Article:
Now we only have to join the two previous pieces to achieve our goal by establishing that the set of values that can be set in the K parameter must belong to the set of attributes that is collected in the T type. This leaves us with the following:

MyPick<T, K extends keyof T> = any

Returning the value

In the previous statement we are seeing that the result that is being returned is any and this is not what is intended in the challenge since what we want is to return an object that contains only the attributes of T that we have specified in the K parameter.

The way to achieve this is by using what is known as a Mapped Type which is nothing more than constructing a new type from the definition of another.

Let's start by defining the simplest mapped type that we can think of to achieve our goal, which would be one that always returns a type without attributes as a result:

MyPick<T, K extends keyof T> = {}

How do we now define the attributes of this object? Well, this is where we have to understand that both T and K are two types that will be available during the declaration of the type we are constructing (to some extent, if we think in terms of JavaScript, it is as if both types were linked to the scope of the declaration of our new type) and that, in addition, for the definition of the attributes we will be interested in the set that is contained in K.

Is there a possibility to traverse all the values collected in K in TypeScript? The answer is yes, and it is thanks to the use of the in operator. Thinking in terms of arrays we could make a mental scheme like the following:

K ---> 'title' | 'description' | 'completed'
P in K ---> ['title', 'description', 'completed']

where P is a type that will pass the title, description and completed values respectively while traversing the array.

And can we define an attribute within the mapped type from each of these array elements? The answer again is yes, using the notation between [] where

MyPick<T, K extends keyof T> = {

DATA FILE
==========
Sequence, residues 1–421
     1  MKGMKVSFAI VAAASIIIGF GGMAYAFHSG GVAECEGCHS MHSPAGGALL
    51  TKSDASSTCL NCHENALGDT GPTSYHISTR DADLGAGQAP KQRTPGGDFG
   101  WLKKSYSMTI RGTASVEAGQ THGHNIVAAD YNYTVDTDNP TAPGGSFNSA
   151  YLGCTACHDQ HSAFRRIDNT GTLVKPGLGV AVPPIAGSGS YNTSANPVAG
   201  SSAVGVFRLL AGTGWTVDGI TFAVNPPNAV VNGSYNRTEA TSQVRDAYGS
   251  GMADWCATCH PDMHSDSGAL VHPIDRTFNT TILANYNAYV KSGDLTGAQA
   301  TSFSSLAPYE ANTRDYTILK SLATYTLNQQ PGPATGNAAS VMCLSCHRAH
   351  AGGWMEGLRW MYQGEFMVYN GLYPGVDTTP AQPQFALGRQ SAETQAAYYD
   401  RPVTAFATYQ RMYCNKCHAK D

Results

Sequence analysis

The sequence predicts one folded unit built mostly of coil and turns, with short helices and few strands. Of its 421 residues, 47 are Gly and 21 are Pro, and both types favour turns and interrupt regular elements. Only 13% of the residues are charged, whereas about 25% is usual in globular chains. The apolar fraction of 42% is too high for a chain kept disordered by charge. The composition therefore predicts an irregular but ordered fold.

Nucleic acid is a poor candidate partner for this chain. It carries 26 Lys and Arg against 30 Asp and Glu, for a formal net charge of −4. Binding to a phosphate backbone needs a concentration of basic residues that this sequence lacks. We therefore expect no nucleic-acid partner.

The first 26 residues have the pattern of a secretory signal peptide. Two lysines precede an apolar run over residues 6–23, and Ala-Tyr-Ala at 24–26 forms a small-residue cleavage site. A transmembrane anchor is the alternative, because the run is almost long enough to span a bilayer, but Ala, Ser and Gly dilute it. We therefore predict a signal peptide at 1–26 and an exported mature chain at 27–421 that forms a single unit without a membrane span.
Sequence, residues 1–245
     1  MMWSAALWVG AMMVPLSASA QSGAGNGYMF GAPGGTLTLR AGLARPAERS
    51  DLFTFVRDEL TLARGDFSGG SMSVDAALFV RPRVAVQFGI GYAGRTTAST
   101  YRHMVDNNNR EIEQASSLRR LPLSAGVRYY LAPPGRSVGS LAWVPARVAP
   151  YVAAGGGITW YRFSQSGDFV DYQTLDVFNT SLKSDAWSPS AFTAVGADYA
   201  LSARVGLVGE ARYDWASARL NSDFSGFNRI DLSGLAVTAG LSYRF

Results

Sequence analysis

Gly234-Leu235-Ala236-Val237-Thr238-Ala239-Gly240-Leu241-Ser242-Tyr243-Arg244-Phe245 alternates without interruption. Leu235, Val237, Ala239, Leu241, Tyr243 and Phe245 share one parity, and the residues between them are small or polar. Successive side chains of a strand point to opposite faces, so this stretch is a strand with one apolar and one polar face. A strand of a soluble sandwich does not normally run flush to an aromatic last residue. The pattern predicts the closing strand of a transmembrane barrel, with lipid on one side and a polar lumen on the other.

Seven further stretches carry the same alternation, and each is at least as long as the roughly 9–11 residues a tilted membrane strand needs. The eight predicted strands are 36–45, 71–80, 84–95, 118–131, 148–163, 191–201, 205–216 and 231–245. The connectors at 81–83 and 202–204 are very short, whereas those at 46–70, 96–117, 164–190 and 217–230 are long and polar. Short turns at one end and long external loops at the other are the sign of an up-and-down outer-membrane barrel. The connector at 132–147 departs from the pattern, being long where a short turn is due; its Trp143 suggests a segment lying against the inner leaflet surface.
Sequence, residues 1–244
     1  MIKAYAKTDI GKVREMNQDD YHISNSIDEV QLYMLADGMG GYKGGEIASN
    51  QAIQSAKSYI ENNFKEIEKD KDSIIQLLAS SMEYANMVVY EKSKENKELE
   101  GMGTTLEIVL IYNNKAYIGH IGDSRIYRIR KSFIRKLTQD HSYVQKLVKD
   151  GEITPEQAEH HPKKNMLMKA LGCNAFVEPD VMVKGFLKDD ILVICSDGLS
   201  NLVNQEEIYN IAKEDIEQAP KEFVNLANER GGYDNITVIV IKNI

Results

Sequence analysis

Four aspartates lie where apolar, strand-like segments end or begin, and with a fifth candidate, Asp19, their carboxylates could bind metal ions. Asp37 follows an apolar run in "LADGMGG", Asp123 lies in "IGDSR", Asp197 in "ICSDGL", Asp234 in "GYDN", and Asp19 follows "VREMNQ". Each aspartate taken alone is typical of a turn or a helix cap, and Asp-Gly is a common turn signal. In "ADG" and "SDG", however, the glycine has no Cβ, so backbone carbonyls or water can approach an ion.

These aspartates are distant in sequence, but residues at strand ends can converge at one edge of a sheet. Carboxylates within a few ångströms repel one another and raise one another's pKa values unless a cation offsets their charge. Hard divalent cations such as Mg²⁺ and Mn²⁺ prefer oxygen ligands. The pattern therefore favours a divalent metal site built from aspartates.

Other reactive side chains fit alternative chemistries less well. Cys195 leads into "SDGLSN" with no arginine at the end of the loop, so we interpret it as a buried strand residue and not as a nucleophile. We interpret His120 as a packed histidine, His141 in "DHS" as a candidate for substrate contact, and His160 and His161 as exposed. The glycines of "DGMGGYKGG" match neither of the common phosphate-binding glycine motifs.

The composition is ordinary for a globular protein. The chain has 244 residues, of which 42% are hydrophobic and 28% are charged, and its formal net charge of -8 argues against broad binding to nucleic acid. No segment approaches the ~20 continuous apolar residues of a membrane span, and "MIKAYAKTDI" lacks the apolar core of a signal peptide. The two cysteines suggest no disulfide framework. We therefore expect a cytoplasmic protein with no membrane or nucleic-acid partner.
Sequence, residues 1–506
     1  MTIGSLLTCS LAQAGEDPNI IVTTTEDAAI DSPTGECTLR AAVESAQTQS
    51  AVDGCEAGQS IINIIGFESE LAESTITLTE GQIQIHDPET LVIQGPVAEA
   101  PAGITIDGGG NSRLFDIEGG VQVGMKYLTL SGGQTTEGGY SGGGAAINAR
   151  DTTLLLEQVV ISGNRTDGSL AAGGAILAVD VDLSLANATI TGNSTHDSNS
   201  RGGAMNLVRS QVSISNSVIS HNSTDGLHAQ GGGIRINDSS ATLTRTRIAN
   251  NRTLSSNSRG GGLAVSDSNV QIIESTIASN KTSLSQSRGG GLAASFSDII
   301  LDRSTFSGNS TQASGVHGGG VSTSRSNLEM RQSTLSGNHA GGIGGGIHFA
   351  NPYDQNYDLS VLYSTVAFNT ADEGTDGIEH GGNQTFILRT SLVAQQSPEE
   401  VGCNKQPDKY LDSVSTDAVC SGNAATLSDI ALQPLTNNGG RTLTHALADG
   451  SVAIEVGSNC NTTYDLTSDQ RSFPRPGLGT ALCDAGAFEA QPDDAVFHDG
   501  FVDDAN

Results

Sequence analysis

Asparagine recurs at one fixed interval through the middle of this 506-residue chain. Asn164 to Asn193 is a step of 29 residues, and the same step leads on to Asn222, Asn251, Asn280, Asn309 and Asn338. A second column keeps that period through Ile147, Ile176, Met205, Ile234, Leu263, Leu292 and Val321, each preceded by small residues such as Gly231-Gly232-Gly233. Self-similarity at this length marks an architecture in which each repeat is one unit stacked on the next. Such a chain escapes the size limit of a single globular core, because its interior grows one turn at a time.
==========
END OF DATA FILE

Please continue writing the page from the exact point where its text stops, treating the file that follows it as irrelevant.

[P in K]: ...
}

This, which is complex to explain in words, is best seen in the example we are following:

interface Todo {
    title: string
    description: string
    completed: boolean
}

MyPick<Todo, 'title'> ---> { title: ... }
MyPick<Todo, 'title' | 'description'> ---> { title: ..., description: ... }
MyPick<Todo, 'title' | 'description' | 'completed'> ---> { title: ..., description: ..., completed: ... }

Now we only have to assign the data type that is associated to each of the attributes that we are extracting and this is achieved in a very simple way just using the operator [] on the data type indicating which is the element from which we want to extract the information of the type (analogously to how we can do it in TypeScript to access each of the elements of an object).

But how do we know which is the concrete attribute? Well, we have to remember again that all the generic types that we use during the declaration of our type can be used in the rest of its definition.

In our case, as we have declared something like [P in K] to go through all the attributes that are collected within the set of keys to extract K and as we also have the certainty that these keys will belong to the type on which we are working T we can simply use T[P] to obtain the type associated with that attribute:

MyPick<T, K extends keyof T> = {
    [P in K]: T[P]
}

If we go back to our example we would get something like the following:

interface Todo {
    title: string
    description: string
    completed: boolean
}

MyPick<Todo, 'title'> 
    ---> { title: string }
MyPick<Todo, 'title' | 'description'> 
    ---> { title: string, description: string }
MyPick<Todo, 'title' | 'description' | 'completed'> 
    ---> { title: string, description: string, completed: boolean }